Improving Your Indoor Air Quality

AllergyUK

Good indoor air quality is crucial for human health and particularly important for vulnerable groups i.e. babies, children, the elderly, as well as people living with respiratory and allergic diseases.

Our indoor environments are often poorly ventilated causing humidity to rise and creating ideal conditions for mould and house dust mites to thrive in our soft furnishings and bedding.  We are a nation of pet lovers, with our pets often living indoors which can also add to allergens in the indoor environment. 

Many of the allergens that cause an allergic reaction can be found in our own homes (and even our place of work).

House dust mites, for example, are tiny creatures, just a quarter of a millimetre long. House dust mite allergy is very common and associated with asthma, eczema and perennial allergic rhinitis. Mites are found in carpets, soft furnishing and clothing but a significant amount of exposure to house dust mite allergens happens in bed.  You can take measures to avoid house dust mite, which will help, but will not entirely remove dust mite allergens.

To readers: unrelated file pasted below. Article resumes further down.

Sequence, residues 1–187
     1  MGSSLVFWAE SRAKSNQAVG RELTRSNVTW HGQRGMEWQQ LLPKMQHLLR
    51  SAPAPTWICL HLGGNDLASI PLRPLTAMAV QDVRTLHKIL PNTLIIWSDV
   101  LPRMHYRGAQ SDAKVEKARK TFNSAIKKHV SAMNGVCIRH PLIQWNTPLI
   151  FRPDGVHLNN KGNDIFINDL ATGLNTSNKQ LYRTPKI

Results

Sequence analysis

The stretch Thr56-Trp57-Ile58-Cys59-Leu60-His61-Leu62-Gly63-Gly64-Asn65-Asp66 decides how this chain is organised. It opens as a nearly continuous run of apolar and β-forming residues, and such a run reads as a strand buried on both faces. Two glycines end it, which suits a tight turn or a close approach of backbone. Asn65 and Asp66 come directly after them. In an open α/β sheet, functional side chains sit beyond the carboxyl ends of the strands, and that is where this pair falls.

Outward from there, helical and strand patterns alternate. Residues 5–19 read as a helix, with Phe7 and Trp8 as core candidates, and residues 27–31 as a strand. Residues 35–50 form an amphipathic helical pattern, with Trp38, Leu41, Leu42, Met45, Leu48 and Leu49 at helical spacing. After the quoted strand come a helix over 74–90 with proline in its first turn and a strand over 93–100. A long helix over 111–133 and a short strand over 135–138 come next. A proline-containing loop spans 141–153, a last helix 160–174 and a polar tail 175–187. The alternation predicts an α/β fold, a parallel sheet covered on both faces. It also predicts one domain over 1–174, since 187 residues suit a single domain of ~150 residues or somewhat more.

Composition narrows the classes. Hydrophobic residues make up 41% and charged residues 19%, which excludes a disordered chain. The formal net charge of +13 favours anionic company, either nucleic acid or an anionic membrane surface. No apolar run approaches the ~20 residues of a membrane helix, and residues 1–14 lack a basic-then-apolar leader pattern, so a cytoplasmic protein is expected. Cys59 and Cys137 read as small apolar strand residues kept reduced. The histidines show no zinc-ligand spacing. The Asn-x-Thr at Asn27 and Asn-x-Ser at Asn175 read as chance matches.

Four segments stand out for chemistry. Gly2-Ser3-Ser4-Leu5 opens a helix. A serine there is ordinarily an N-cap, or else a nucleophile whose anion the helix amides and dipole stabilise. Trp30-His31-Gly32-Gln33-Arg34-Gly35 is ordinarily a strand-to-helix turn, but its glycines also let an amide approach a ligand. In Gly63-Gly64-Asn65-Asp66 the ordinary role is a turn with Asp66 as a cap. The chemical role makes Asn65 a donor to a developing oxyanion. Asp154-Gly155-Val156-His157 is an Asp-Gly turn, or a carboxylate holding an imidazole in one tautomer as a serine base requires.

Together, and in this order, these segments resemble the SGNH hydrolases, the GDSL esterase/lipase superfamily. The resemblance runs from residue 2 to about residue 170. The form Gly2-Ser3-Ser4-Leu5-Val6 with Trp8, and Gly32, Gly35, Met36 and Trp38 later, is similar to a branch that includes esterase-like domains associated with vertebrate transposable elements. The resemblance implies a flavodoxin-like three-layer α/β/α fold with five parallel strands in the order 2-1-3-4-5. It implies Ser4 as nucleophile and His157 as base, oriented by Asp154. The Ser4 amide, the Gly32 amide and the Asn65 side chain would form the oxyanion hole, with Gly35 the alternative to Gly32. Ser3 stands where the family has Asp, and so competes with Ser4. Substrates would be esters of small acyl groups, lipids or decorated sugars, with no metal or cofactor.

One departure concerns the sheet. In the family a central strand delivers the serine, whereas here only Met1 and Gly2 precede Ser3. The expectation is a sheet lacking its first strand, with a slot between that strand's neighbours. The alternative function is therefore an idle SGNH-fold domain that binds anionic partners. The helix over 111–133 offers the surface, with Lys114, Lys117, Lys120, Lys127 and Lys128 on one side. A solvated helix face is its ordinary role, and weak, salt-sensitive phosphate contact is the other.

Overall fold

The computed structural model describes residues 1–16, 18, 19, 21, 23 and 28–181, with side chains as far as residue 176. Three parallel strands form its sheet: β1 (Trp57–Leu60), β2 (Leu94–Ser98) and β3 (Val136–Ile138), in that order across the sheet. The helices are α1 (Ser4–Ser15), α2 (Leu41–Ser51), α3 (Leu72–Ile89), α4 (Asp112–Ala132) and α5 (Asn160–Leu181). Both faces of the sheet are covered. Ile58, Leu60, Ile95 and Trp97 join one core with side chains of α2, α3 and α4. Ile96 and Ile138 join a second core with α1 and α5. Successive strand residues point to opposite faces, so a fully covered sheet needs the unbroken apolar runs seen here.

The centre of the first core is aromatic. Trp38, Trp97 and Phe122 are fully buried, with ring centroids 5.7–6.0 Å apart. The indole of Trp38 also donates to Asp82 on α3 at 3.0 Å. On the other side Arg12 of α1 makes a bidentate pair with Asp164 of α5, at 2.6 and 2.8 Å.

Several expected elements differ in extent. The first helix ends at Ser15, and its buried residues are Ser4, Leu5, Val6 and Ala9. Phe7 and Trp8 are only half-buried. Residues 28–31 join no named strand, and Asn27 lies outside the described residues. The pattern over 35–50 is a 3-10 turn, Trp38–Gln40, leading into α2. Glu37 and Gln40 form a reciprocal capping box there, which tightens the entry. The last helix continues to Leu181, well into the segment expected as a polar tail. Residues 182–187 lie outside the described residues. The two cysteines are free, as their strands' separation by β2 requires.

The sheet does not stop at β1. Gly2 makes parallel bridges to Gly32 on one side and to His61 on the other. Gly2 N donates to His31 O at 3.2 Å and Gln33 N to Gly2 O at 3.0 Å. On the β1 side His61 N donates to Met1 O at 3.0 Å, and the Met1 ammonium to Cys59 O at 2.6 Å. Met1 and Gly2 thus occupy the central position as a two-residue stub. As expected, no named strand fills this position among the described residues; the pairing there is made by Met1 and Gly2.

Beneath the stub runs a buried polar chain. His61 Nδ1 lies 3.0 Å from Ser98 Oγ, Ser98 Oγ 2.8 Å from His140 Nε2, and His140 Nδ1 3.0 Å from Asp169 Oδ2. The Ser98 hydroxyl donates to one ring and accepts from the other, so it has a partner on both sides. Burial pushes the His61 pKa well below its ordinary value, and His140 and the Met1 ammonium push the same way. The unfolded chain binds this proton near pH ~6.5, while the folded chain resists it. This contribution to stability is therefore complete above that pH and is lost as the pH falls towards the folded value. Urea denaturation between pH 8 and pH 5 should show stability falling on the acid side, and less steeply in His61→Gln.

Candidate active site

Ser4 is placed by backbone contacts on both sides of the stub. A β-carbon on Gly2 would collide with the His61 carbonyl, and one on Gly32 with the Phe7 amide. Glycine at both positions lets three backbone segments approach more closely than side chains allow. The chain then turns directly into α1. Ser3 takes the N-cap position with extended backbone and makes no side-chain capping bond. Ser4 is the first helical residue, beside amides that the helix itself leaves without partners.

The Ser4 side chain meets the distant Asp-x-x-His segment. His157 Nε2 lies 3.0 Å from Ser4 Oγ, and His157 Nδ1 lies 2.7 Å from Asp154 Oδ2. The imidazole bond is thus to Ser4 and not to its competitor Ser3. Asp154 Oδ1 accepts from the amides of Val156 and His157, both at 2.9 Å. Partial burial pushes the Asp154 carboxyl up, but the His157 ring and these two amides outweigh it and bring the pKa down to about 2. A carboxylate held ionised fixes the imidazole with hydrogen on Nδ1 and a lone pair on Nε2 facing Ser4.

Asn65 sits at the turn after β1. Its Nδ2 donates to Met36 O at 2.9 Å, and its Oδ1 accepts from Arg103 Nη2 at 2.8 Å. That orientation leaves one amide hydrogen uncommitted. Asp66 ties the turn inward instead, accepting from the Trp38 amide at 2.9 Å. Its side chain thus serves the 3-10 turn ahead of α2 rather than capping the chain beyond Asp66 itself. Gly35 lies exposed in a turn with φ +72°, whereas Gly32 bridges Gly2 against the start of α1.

Mould is another culprit.  It is the spores from the mould that can trigger allergic symptoms such as runny/itchy nose, itchy eyes, eczema and, most importantly, asthma. There are ways to avoid moulds - ventilation is key to help stop moulds flourishing in a damp environment.

And our domestic pets can also cause problems. Contact with our pets can lead to exposure to animal allergens and in the UK, pets are the second most important cause of allergy in the home and it’s not only cats and dogs. There can also be allergic reactions to other animals such as rabbits, hamsters and other furry domestic pets.

For more information, symptoms and tips to avoid allergens in the home please see our fact sheets.

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